Nehru's word: The game behind US and UK's support to Pakistan on Kashmir
A staple of the recently exploding tribe of Nehru-bashers is his (mis)handling of Kashmir. ‘If only Sardar Patel had been the Prime Minister’, we are told, ‘there would have been no Kashmir problem’
In my last letter to you, I referred to the growing tension, almost amounting to a crisis, in lndo-Pakistan relations. Since then, there has been an exchange of telegrams between Mr. Liaquat Ali Khan and me…. In a sense, the critical situation has worsened because of the continuous warlike propaganda in Pakistan and their blackouts, civil defence measures, and the like.
I think it is generally recognised, even by those who have been unfriendly to us in the United Kingdom and elsewhere, that Pakistan has overshot the mark and its attention has been drawn to this. The patent contrast of warlike Pakistan and peaceful India is too obvious not to be noticed by even the casual observer. Gradually it is sinking into the consciousness of outside observers that there is something wrong about the tumult and shouting in Pakistan.
But the fact remains that the situation is serious and we must be vigilant all the time and not be caught unawares…. Apart from defence preparations, involving the army, etc., the most important element in a conflict is the morale of the people. I am happy to tell you that the morale of our people, all over northern India, is excellent....
Three days ago, I addressed a public meeting in Delhi. It was an open-air meeting and a vast crowd, estimated at 200,000, had gathered. Throughout the meeting, it rained continuously. And yet, that tremendous audience not only stood the rain but was cheerful throughout.
I spoke to them about this serious situation and told them all what Pakistan was saying and doing and of the steps we had taken. I dealt with the situation as objectively and calmly as I could, and I watched carefully the reaction of that great crowd. And the reactions I got pleased me. My comparison of the ‘clenched fist’ of Pakistan (on July 27, Liaquat Ali Khan speaking at Karachi on ‘Defence Day’, gave the symbol of ‘clenched fist’ to his people) with the Ashok Chakra—our symbol of peace and righteousness—evoked the loudest applause.
I would therefore suggest to you to deal with the present situation in a way which demonstrates to the people that we are not in the slightest upset by it...We should, of course, keep wide awake and follow events carefully. We should have in our minds what we should do in case any particular emergency arises. But we should not do anything which might lead the public to think that war is on the doorstep. I do not, in fact, think that it is anywhere near. But you cannot relax your vigilance.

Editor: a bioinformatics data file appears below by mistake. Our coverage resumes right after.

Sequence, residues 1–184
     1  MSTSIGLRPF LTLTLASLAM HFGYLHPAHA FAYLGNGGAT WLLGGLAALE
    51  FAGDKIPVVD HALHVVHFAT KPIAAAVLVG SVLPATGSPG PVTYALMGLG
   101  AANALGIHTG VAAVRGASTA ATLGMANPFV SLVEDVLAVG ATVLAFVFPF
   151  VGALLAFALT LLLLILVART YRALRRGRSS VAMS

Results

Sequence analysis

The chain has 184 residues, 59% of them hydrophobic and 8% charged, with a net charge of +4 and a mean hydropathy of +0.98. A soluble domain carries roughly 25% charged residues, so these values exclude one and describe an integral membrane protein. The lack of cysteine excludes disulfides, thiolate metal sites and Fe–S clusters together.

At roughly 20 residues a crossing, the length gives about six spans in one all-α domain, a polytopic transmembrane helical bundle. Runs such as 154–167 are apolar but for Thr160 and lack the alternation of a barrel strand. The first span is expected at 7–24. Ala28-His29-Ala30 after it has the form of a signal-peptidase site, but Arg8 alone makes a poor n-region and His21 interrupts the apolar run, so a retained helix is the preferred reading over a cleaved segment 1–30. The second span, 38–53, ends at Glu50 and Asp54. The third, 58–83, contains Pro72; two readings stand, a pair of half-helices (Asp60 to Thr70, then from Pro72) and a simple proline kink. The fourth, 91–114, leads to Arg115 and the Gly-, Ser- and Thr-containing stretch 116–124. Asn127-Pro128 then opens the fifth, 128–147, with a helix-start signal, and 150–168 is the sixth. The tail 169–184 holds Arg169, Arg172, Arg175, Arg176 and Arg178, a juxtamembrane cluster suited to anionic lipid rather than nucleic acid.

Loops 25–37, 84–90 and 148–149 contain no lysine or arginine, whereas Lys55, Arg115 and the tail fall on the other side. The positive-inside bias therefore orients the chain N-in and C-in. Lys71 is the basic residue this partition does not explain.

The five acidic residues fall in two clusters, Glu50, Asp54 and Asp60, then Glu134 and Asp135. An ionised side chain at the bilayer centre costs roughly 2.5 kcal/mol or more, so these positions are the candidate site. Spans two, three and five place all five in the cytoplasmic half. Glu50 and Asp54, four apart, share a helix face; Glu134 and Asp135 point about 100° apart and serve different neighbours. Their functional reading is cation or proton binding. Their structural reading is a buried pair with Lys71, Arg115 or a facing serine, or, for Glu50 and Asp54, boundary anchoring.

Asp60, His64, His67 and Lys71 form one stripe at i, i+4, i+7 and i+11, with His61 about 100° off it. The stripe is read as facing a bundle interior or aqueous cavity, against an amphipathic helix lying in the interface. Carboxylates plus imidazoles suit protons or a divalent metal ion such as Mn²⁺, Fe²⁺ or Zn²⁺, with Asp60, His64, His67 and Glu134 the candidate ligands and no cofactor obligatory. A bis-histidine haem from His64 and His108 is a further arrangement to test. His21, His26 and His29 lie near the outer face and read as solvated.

As usual, we have received, and I suppose Pakistan has received also, communications from the UK and USA governments, pointing out to us the dangers of the situation and stressing the need for peace. Good advice is always welcome, though sometimes it may not be appropriate. Our desire for peace with Pakistan is far greater than that of any other country not only because of our entire policy but also because it concerns us most. Perhaps this critical situation be-tween India and Pakistan would not have arisen but for the policies pursued by the UK and USA in regard to the Kashmir dispute. They have consistently encouraged the intransigence of Pakistan. Is it surprising then that Pakistan, so encouraged, has gone far in the wrong direction?
Nothing has surprised me so much during the past months or even years than the deliberate policy pursued by the UK and USA in the UN Security Council and elsewhere, in regard to Kashmir. I hope I am not entirely incapable of taking an objective view of the situation. I have tried to do so, and I cannot understand why some foreign countries should be so hostile to us in this matter. There must be some basic cause for it, which has little relation to the merits of the dispute.
It is clear that long ago, the UK and USA came to the conclusion that Kashmir must go to Pakistan. That had nothing to do with the merits of the case. Having come to that conclusion, naturally the policy they have pursued has been meant to further that objective. Why did they start with this premise? If we trace this, perhaps we will have to go back to pre-Partition days when the British government encouraged the Muslim League and separatism in India. We shall also have to go back and try to understand the policy of the UK, which led them to support feudal and reactionary regimes in the Middle East and sometimes even favour the idea of Pan-Islamism or an Islamic bloc.
In the old days, this was against the Czarist Russia. Later, Communist Russia became a major danger. Of course, there was oil in the Middle East and the routes to India and the Far East had to be protected. After the First World War, the whole of the vast area from Afghanistan to Turkey was more or less under British occupation and Mr. Winston Churchill even suggested the creation of a Middle Eastern Empire. But other developments took place. There was the new Soviet Russia, weak and facing a civil war, but nonetheless a power, with a new kind of strength. Kamal Ataturk drove out the allied occupation forces from Turkey and later defeated the Greek Army, which was sup-ported by the British. Raza Shah Pahlavi became dominant in Iran. In the Arab countries, all kinds of new situations arose. Iraq remained largely under British control.”